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Rescue dogs study

Oregon State University researchers, from left Monique Udell, Thomas Sharpton and Nicole Kirchoff are shown in a laboratory at Nash Hall. The trio recently completed a study that indicates that microbes in the guts of rescue dogs can sometimes signal that a dog is aggressive.

What makes dogs aggressive?

Three Oregon State University researchers say the key might — emphasis on might — have something to with microbes in the guts of canines.

Nicole Kirchoff, a graduate student in microbiology, Monique Udell, an assistant professor and animal behavior researcher, and Thomas Sharpton, an assistant professor who specializes in microbiology and statistics, published a paper on the topic Jan. 9 in PeerJ, an open access scientific journal that posts articles on a range of topics.

Following up on research that has been done with mice and anxiety disorders, the researchers worked with a rescue dog organization on its study. The research involved 31 “pit bull-type dogs” who had been tested for aggressiveness. The OSU group then tested their feces for the presence of microbes.

The research revealed that there is a clear link between aggressive behavior and the types of microbes that live in the dogs’ guts. The research group stopped short of saying the composition of a dog’s gut microbiome causes aggressiveness, or vice-versa — only that there are statistical associations between how an animal acts and the microbes it hosts.

“In terms of how microbes potentially influence dog behavior, this lays the foundation for how aggression and gut microorganisms may be connected,” said lead author Kirchoff. “To our knowledge no other study has looked at the relationship between dog aggressiveness and gut microbes.”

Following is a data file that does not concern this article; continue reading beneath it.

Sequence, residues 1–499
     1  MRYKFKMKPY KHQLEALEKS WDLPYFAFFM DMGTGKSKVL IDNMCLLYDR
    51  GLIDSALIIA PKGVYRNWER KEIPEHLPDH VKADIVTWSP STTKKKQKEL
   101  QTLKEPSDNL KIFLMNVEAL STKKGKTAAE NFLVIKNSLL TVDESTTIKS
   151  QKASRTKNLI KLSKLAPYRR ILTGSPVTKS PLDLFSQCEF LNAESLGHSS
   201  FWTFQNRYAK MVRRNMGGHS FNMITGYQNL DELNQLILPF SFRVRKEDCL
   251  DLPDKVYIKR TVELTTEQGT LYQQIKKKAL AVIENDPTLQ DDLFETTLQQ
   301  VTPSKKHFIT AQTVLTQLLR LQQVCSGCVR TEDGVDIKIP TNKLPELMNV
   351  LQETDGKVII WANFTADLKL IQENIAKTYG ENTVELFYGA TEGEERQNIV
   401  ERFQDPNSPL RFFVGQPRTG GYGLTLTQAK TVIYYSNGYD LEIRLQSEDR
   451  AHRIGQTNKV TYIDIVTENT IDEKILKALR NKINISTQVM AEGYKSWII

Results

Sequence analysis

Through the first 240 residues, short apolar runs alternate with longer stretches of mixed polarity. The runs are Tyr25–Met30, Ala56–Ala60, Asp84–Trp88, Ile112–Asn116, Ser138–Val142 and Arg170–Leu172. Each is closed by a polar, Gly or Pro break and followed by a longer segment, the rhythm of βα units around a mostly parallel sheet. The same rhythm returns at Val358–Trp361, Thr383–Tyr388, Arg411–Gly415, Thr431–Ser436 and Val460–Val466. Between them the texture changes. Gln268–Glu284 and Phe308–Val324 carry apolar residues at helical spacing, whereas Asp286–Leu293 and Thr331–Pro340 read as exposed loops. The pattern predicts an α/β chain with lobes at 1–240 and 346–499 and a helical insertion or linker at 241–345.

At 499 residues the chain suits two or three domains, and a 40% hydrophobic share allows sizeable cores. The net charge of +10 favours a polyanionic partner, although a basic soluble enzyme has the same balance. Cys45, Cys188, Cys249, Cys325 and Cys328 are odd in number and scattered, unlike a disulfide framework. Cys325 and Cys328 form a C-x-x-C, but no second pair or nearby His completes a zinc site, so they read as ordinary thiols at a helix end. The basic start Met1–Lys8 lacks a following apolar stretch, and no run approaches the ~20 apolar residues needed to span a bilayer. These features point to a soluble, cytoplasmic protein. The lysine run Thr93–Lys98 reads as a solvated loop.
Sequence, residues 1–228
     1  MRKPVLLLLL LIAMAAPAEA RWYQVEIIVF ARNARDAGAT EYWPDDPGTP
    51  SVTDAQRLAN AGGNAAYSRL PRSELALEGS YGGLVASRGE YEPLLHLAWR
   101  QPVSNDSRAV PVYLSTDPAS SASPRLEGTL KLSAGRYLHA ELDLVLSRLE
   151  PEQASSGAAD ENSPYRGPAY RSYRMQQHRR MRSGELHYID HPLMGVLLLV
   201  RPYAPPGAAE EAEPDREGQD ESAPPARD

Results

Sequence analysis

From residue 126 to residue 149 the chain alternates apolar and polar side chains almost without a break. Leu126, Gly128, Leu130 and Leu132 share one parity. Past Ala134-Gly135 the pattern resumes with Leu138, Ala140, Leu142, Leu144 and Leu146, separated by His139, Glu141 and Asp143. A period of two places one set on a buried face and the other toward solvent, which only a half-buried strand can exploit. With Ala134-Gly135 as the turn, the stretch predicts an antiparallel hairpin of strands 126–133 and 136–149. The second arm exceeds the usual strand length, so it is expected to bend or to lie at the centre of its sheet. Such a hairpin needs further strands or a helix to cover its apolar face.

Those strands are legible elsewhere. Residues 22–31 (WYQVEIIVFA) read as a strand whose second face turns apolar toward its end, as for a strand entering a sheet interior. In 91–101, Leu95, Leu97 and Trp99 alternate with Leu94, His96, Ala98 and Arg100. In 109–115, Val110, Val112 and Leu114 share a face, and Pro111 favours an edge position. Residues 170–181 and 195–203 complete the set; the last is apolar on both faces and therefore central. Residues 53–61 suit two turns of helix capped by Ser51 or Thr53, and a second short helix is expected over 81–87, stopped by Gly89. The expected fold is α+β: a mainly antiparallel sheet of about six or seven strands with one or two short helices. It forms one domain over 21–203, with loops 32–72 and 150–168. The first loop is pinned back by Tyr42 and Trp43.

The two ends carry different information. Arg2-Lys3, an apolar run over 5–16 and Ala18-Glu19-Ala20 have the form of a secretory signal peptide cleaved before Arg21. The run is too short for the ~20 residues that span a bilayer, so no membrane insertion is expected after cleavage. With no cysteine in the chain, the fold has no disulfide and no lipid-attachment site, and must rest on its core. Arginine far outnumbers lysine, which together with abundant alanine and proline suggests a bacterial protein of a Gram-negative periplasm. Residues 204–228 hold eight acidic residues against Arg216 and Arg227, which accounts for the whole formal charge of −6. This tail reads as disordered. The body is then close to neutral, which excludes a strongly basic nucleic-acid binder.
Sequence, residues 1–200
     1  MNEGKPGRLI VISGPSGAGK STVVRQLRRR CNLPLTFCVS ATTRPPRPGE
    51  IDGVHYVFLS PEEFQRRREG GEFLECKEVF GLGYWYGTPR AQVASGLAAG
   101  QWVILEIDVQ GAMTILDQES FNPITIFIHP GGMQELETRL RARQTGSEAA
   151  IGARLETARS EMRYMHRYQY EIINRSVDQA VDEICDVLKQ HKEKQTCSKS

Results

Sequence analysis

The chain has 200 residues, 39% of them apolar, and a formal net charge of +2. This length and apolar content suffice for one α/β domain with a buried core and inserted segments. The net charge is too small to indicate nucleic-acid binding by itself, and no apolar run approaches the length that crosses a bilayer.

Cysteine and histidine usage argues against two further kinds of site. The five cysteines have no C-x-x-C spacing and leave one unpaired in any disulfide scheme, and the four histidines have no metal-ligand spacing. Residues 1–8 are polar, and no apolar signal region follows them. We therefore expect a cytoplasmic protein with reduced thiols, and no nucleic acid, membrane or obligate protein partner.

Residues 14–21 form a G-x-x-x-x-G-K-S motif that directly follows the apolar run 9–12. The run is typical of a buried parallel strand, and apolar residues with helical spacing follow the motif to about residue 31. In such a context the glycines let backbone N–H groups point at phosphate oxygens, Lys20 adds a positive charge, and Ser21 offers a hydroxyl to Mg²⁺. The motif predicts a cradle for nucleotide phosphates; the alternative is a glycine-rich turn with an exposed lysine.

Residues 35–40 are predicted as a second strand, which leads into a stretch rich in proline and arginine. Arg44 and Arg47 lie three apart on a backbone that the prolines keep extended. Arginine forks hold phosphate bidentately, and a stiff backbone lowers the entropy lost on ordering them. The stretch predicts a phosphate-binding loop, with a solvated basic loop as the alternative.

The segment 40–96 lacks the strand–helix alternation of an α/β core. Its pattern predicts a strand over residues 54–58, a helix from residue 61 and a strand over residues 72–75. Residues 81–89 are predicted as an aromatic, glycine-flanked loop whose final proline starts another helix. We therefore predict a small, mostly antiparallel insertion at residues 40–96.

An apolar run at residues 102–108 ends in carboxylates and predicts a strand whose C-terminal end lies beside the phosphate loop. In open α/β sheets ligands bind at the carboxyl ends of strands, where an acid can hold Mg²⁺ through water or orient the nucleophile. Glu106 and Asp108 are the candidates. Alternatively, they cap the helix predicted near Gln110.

Firmicutes, fusobacteria, bacteroidetes and proteobacteria were the dominant microbes among all stool samples, but their presence differed significantly between aggressive and nonaggressive animals. Proteobacteria and fusobacteria were more abundant in relative terms in nonaggressive dogs, whereas firmicutes was relatively more abundant in dogs showing aggression.

Domesticated dogs have lived with humans for more than 14,000 years, are among the most popular companion animals and forge strong bonds with both people and other animals. But aggressive behavior nevertheless remains a common problem and in many cases leads to animals being euthanized.

“Aggression is really stigmatized,” said Udell. “It tends to get viewed as a shortcoming of the individual animal. But it’s important to look at aggression and other behavioral syndromes in terms of physiology as well. Maybe there are underlying physiological causes we can address, or if not, maybe there are behavioral predictors with physiological implications.”

The researchers emphasized that they haven’t proven anything yet and that more research is needed. Sharpton said the findings first need to be validated in a small population of dogs and then work should be done with additional dogs and additional breeds.

“Maybe there’s a microbiome component that contributes to aggressiveness, but we need follow-up experimentation to determine if there is a causative role,” Sharpton said. “We’ve opened a new door. It will require appropriate resources to find out what is on the other side.”

Sharpton said that such support could come from the community, foundations or corporations.

Also dangling out there is the question of how the microbes get into dog guts to begin with. The researchers say it could be a function of genetics or their environment.

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Contact reporter James Day at jim.day@gazettetimes.com or 541-758-9542. Follow at Twitter.com/jameshday or gazettetimes.com/blogs/jim-day.

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